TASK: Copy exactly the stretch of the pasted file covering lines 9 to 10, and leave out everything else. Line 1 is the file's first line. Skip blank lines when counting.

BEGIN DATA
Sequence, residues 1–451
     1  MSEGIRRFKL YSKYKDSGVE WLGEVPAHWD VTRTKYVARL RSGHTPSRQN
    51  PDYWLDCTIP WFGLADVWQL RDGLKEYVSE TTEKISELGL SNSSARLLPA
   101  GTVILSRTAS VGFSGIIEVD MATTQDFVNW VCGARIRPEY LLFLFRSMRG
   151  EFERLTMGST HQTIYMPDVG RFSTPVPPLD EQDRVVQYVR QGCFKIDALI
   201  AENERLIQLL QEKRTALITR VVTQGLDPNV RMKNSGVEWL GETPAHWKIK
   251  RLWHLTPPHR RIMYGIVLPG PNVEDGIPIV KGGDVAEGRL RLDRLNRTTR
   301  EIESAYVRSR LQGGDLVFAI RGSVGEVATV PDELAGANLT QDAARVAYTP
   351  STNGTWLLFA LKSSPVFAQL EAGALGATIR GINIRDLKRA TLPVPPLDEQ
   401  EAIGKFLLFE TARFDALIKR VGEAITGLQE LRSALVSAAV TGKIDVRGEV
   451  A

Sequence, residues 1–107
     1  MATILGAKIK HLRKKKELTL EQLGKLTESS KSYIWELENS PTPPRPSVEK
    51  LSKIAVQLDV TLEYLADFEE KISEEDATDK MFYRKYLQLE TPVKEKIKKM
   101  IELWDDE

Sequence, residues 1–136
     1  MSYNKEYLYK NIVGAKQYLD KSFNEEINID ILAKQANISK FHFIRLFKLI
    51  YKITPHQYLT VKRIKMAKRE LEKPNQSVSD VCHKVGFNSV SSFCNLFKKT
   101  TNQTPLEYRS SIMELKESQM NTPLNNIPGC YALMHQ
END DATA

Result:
   351  STNGTWLLFA LKSSPVFAQL EAGALGATIR GINIRDLKRA TLPVPPLDEQ
   401  EAIGKFLLFE TARFDALIKR VGEAITGLQE LRSALVSAAV TGKIDVRGEV